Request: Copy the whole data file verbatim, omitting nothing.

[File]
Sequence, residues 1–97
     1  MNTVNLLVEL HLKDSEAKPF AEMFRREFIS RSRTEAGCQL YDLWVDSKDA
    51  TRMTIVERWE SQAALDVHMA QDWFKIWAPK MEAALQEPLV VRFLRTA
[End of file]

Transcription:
Sequence, residues 1–97
     1  MNTVNLLVEL HLKDSEAKPF AEMFRREFIS RSRTEAGCQL YDLWVDSKDA
    51  TRMTIVERWE SQAALDVHMA QDWFKIWAPK MEAALQEPLV VRFLRTA